How Assets are Divided | Sterling Law Offices, S.C. How Assets are Divided | Sterling Law Offices, S.C. global $post;
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Divorce. It can be a difficult thing to make the decision, and to follow through. Understanding and accepting that it is over is an emotionally taxing process, and not knowing the legal ends can make it that much more. Contacting a family law attorney is a wise choice when it comes to divorce and the many types of court complaints you may file for during your divorce process.

With all of the emotional strain, attempting to understand every area of the divorce process an sometimes add to the hardship. However, your attorney will ask you to collect certain information in order to assess how the distribution of assets, both financial and material, may affect you. This information will help them in guiding you through the negotiation process and the actual court procedures. It will also assist them in explaining to you how assets are divided during divorce.

Houses, rental properties,  stocks, retirement and/or pension plans, deferred compensation, businesses, professional practices, etc., can make the division of marital assets somewhat complicated or frustrating. This is true whether or not both parties are parting amicably. The current value of the property itself should not be the only point to consider when negotiating its division or sale.a couple fighting over property in a divorce

The property's liquidity, cost basis and taxable outcomes regarding its sale should further merit in-depth scrutiny. The main construct of property or asset division is based on the concept of separately owned, joint owned, and variable interest. The courts look at these forms of entitlement or primary ownership while rendering the final distribution judgment.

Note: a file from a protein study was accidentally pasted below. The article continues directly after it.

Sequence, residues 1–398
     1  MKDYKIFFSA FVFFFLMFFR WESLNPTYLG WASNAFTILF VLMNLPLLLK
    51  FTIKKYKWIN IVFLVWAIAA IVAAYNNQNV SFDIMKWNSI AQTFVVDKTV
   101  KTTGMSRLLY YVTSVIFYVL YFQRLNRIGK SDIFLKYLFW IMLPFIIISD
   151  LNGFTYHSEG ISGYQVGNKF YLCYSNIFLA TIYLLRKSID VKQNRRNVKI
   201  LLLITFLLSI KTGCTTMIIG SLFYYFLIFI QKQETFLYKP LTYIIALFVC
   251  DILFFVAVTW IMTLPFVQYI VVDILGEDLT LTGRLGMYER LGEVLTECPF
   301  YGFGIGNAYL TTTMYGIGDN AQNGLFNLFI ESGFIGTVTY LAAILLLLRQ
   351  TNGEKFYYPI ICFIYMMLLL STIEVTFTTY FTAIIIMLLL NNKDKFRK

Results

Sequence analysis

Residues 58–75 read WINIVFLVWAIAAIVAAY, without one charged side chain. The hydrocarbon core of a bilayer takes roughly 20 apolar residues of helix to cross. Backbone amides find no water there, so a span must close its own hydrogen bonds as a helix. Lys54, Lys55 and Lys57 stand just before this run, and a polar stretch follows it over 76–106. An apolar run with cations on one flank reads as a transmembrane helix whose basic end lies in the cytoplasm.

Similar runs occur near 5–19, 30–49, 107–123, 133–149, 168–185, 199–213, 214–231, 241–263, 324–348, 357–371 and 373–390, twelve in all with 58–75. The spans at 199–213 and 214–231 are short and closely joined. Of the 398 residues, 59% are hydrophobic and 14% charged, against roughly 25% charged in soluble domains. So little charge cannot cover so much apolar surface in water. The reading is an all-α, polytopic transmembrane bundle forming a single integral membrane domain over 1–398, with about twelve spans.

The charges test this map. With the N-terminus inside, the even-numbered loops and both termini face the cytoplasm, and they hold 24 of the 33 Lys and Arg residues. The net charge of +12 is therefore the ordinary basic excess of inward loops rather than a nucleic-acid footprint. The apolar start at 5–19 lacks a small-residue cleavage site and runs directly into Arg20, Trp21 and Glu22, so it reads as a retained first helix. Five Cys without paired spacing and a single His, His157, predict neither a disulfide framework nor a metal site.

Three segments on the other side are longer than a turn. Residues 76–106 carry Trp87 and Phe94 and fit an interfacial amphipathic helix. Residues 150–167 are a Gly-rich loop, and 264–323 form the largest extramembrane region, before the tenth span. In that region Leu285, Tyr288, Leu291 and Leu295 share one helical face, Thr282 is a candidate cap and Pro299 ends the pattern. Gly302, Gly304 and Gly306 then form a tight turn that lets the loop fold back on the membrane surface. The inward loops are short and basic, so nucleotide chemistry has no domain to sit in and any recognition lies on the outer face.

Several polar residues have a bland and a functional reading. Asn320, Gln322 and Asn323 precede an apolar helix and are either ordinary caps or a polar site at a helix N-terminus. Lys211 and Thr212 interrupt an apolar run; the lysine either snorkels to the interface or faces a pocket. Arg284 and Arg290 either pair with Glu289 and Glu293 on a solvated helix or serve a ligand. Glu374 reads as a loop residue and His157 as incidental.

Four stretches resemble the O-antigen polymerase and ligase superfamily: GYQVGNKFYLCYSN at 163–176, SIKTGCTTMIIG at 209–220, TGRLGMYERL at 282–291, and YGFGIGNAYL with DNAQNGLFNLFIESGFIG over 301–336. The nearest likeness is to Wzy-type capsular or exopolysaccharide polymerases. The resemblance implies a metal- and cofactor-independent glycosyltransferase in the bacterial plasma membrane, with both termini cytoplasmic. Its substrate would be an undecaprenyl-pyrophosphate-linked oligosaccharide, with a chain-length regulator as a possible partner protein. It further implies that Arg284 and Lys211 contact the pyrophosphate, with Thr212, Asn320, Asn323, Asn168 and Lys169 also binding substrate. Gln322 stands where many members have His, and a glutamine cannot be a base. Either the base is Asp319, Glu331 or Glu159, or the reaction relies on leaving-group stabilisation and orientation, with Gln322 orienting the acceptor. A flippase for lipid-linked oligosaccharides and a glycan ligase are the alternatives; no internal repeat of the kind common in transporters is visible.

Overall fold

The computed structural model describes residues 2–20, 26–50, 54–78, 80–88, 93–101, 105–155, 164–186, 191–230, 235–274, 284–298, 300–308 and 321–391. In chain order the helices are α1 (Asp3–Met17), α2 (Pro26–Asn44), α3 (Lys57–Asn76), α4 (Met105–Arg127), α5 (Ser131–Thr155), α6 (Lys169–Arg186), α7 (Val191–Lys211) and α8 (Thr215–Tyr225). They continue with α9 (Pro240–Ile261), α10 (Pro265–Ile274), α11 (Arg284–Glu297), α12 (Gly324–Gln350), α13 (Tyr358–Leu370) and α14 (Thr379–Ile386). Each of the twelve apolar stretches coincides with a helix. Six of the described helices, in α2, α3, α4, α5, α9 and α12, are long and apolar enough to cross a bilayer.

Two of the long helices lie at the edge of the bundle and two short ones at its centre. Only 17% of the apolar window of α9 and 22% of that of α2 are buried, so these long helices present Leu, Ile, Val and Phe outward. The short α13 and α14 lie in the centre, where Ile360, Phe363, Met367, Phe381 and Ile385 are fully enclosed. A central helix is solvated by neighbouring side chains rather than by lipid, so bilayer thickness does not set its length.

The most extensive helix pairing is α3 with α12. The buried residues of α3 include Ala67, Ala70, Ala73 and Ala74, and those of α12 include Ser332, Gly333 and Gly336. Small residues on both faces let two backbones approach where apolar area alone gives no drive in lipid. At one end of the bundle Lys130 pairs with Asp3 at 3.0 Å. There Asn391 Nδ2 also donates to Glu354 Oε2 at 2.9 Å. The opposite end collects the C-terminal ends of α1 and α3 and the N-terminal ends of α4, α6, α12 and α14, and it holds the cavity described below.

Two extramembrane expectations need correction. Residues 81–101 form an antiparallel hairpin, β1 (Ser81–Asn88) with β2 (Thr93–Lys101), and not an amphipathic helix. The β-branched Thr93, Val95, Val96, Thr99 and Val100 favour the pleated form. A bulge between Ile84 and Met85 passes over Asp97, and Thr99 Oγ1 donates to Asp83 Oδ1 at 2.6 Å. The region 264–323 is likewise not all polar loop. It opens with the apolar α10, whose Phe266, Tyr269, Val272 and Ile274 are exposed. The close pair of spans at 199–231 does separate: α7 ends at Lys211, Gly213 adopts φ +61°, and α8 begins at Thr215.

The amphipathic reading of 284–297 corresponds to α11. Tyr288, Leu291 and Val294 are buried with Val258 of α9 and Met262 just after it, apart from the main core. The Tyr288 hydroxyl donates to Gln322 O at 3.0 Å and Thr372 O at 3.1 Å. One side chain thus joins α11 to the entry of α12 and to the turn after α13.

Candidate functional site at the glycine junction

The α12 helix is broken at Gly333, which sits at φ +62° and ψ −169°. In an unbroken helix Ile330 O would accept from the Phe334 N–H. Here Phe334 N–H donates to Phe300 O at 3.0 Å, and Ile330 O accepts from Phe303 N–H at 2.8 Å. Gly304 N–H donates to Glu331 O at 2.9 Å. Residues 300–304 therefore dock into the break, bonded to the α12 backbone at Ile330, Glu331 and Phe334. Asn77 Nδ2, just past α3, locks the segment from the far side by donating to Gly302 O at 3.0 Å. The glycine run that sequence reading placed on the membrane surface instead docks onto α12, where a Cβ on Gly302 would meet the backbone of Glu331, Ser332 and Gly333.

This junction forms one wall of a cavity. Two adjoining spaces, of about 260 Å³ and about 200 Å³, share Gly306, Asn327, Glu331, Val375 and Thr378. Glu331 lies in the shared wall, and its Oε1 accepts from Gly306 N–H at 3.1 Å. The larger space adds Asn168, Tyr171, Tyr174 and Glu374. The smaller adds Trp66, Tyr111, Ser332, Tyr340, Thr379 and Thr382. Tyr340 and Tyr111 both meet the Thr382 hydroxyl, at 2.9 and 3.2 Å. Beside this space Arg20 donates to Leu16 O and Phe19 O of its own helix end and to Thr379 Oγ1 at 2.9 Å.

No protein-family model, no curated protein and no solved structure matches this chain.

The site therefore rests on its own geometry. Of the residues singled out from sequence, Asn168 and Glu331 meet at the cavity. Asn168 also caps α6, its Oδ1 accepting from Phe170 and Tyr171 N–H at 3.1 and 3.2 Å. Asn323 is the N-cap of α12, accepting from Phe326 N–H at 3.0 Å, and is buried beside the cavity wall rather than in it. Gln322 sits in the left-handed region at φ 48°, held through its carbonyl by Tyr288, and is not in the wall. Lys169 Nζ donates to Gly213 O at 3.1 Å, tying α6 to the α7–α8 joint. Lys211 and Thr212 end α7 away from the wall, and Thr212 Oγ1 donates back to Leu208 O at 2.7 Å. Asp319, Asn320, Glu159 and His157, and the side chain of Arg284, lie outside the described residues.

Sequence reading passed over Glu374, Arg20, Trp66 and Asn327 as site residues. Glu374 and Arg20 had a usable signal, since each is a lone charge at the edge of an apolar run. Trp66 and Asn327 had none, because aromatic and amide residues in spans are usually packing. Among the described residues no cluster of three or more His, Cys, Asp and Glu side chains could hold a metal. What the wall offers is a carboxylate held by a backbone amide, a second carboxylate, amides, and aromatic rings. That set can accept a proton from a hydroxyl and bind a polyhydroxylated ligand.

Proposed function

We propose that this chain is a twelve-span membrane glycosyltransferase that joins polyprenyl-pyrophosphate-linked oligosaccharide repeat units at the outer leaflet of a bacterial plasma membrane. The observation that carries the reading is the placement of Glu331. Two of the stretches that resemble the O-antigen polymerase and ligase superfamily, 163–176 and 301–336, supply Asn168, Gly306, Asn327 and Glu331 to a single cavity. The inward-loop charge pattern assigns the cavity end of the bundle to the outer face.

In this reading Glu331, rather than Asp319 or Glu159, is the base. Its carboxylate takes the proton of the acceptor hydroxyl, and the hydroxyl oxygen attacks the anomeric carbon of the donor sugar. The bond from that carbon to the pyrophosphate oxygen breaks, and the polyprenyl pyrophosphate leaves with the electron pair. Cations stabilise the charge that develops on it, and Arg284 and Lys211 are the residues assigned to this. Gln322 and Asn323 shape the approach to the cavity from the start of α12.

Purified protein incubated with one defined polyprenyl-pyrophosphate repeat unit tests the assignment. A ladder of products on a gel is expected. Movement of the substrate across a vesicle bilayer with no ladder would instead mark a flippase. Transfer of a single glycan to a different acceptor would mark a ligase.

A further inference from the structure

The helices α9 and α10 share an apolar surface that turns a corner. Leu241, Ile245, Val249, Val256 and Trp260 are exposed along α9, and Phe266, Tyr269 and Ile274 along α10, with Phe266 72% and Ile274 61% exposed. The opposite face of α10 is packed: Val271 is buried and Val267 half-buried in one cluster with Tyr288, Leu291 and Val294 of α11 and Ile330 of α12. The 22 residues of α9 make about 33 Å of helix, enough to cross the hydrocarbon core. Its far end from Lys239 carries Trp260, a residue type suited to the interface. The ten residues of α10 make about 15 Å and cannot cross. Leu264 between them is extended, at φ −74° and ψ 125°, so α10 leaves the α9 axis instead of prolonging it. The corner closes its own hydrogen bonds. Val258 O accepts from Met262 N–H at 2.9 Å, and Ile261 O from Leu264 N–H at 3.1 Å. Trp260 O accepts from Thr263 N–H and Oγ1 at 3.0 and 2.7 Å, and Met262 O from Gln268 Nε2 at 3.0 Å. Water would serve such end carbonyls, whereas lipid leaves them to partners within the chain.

Separate property such as; inherited property, property owned before the marriage, personal injury settlements, and third party gifts are all examples of property that is not divisible. However, comingling of separate property will cause this exempt property to become joint, or “marital” property.

Circumstances such as; signing your significant other's name to your previously owned property titles, depositing monetary gifts or inherited monies into a joint savings or checking account, or generally allowing your husband or wife to share an equal interest in what was your separate property. Once they have earned an interest or “share” in that property, it now becomes marital property.

Marital property consists of…everything else. Any real estate like cars, or boats, etc. Bonuses, commissions, or memberships. Pension plans, IRAs, 401Ks or any retirement plans. Deferred compensation or other forms of equity. Annuities, stocks & bonds, mutual funds, life insurance. And yes, checking accounts & savings accounts. Owned businesses or practices. It even includes art, antiques, and even tax refunds. Generally, anything acquired during the marriage, or comingled during the marriage, is divisible marital property.

Courts also consider a wide array of factors when deciding, who gets what? Factors such as the duration of the marriage, the contribution of both parties, the standard of living, the income earning potential of both parties, the ability to generate income immediately upon divorce, the contribution and reciprocation of support due to schooling or training, and what the custodial parent will need to sufficiently support the children. It is within these factors, among others, that a court decides and awards property during a divorce.

It is for these reasons that most people obtain a family law attorney to help them with keeping track of these assets, knowing what assets to track, and compiling an organized listing of these assets. One of the most critical aspects of understanding the outcomes and judgments rendered through the divorce proceedings, is that through experienced representation you stand a better chance of receiving a fair and just settlement.

Dan Exner, J.D.

Family Law Attorney

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Sterling Law Offices, S.C.
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